Now, the first rule of any trade is Caveat Emptor – Buyer Beware.  Are you getting what you think you’re getting?  Check, check, check.  When you shop, invest, even barter, no doubt you’re pretty good at this.  We’ve all become pretty savvy when it comes to spending money.  Sadly, there’s too many crooks about not to be careful.

In the realm of ideas though… mmm, that’s another thing altogether.  In the realm of ideas, cheats, frauds, incompetents, and fools rule the roost.  In the realm of ideas, the truth is more often than not hidden in the shadows cast by towers of bullshit.

So why is it that so many people blindly accept lies, fabrications, distortions, and mistakes, without so much as a cursory reference to the facts – the evidence?

Is it because:

We place too much respect in “experts”?

We’re too obedient to “authority”?

We believe what we want to; what makes us feel good, or safe, or reassured?

We wear the “blinders of tradition”?

We fall for “Brand Traps”?*

I don’t know.  If you do, please fill me in.  In the meantime, remember this:  the power any lie has over you… comes from you.  Flick the switch of reason, check the facts – the evidence – and the light of truth exposes lies and sends liars scurrying.  When it comes to ideas, especially the big ones, ask yourself this:  “Have I bought the truth?”

*(hat-tip to Jens at LeanSelf)

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Related reading:

Who do you trust?

Who do you trust?

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MPJ Author Profile

The truth about truth

TODAY a little philosophy.  Just a little.

Contrary to popular belief, the truth is objective.  There is no such thing as “your truth” or “my truth”.  That’s a misunderstanding; an equivocation on fact and value.  So let’s clear it up.


1.  Chocolate is the best food in the world.  True of false?

2.  The sun will rise tomorrow?  True or false?Sunrise

Question #2 is a fact, and facts are either true or they’re not facts.  This one is true.  🙂

Question #1 is a value judgement, not a fact.  In and of itself it is neither true nor false.

Let’s see what happens when we rephrase it.

John thinks chocolate is the best food in the world.  True or false?

Ask john.  If John says yes, he does think chocolate is the best food in the world, than we can say that that’s a fact – that is, what John thinks of chocolate is a fact.  Or, the fact is, John loves chocolate.

What Mary thinks of chocolate (Blah!), is also a fact.  The fact is, Mary thinks chocolate is awful.

Value judgements are not true or false in and of themselves, because any statement of value presupposes a “somebody” (a John or a Mary) doing the valuing, and therefore depends on the judgment of the  “valuer”.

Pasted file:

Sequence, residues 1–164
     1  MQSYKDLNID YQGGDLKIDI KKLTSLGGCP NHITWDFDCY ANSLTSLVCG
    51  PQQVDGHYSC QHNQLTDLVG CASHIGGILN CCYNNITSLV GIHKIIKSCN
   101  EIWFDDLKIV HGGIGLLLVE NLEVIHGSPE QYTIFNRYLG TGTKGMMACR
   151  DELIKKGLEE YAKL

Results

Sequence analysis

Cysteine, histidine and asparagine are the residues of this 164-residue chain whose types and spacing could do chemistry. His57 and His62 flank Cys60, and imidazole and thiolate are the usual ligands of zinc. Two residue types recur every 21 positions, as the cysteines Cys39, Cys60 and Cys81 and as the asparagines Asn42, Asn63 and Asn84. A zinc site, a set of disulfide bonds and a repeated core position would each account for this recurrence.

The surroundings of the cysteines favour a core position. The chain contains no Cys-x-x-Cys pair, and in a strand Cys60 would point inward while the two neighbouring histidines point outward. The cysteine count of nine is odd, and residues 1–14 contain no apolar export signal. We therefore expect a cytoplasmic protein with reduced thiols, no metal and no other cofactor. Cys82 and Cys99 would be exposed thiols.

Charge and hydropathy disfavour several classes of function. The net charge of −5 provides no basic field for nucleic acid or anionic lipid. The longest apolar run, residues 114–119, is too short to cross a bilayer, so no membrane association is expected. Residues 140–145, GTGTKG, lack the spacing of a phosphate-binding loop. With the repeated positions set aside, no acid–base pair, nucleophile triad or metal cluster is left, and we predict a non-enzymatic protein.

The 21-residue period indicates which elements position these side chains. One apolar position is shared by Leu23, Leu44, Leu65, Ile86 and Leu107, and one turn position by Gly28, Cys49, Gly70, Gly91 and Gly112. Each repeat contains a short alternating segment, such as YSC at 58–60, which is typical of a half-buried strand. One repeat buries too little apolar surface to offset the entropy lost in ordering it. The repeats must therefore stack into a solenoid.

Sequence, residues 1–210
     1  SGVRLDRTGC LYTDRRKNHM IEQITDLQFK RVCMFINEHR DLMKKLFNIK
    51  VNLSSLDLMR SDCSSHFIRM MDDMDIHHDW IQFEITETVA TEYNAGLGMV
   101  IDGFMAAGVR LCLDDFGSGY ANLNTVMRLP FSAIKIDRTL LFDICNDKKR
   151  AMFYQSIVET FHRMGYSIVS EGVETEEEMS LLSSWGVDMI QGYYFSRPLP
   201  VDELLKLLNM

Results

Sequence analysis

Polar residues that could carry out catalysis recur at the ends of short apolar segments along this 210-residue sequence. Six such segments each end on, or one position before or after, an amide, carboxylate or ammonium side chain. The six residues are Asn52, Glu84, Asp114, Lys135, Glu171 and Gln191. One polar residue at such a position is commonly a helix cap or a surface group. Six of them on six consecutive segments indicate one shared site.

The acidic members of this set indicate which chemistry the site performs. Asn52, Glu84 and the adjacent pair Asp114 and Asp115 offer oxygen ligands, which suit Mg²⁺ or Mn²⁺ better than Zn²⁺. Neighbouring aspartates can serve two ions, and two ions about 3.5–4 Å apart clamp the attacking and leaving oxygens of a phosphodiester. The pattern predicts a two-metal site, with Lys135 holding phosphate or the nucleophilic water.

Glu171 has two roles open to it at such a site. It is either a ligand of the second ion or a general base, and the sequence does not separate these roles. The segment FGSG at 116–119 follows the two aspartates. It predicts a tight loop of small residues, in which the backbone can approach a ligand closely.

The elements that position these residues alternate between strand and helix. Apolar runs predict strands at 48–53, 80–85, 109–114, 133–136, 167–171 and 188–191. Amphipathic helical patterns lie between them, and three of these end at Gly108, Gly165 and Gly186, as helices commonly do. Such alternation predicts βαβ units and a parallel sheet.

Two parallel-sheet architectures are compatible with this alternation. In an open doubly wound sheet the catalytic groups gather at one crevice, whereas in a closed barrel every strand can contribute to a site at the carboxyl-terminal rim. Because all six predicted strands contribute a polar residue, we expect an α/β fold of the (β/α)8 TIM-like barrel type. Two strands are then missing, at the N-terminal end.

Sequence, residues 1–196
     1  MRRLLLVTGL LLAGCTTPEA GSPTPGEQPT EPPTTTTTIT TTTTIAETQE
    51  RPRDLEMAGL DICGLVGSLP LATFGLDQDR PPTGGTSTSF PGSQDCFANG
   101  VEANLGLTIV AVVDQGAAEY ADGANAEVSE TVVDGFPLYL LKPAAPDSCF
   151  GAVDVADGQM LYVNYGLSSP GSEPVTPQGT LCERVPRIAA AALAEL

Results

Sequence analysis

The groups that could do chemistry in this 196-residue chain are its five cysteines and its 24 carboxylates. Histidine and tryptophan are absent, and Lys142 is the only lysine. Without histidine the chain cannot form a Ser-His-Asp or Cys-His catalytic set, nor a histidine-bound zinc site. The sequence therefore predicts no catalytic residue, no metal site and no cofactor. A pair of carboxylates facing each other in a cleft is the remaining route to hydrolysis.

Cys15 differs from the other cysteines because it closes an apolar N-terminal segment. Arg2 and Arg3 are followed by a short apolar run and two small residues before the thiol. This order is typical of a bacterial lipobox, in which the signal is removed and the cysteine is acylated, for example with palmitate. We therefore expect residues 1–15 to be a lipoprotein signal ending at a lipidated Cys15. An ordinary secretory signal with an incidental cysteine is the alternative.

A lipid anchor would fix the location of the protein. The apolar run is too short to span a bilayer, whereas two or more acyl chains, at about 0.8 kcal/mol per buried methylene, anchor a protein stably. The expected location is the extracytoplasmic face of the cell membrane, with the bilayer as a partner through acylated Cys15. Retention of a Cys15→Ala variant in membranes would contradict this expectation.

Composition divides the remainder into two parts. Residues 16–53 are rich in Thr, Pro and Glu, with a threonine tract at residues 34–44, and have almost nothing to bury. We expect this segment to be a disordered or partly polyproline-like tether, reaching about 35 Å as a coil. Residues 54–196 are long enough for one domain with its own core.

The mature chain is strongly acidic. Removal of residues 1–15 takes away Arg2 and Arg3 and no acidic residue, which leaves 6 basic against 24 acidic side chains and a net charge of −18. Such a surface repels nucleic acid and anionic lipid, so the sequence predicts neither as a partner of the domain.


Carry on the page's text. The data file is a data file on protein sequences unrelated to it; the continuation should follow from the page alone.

Facts of reality, on the other hand, are not open to judgement or interpretation.  It doesn’t matter that John thinks night is better than day… the sun is still coming up.

Why does this matter?

In leadership, as in life, objectivity is paramount.  Any judgement, especially judgement of the statements of others, requires an ability to distinguish between fact and opinion.

More importantly, the mistaken belief that “the truth” is whatever anyone says it is, is like pulling the rug out from under realty’s feet – people are going to fall over.

The truth is, reality is not malleable to anyone’s feelings, wishes, opinions, desires, or demands.  What is, is.  As Aristotle put it, “A is A“.  And “A” is “A” for everybody, regardless of what anyone thinks or feels about it.

So next time someone starts talking about “their” truth versus “your” truth, you’ll know better.

And next time you need to resolve a conflict, or direct a creative one, start by separating facts from opinions, truth from value judgments.  Clarity, resolution, and creativity will quickly follow.

Who do you trust?

THERE are many good posts on why trust is important in leadership, so I’ll not rehash what’s already part of the conversation.  I’ll just take it for granted that we agree that no one will follow the lead of someone they do not trust.

It’s rather obvious, but I think a reminder won’t hurt:  the fundamental drivers of trust, which are actually two sides of the same coin, are Honesty and Truth.

Who do we trust?  We trust someone if we know them to be honest.  Honesty simply means fidelity to the truth, in word and action.

Why be honest?

For yourself:

Because innocence is the precondition of self-esteem, and self-esteem the precondition of happiness.

For others:

Because everyone deserves to hear the truth, or, conversely, no one deserves to be lied to*, not even so-called, “white lies”.

It’s that simple, in leadership, and in life.

*There are a couple exceptions.  If you’re interested, ask me in comments.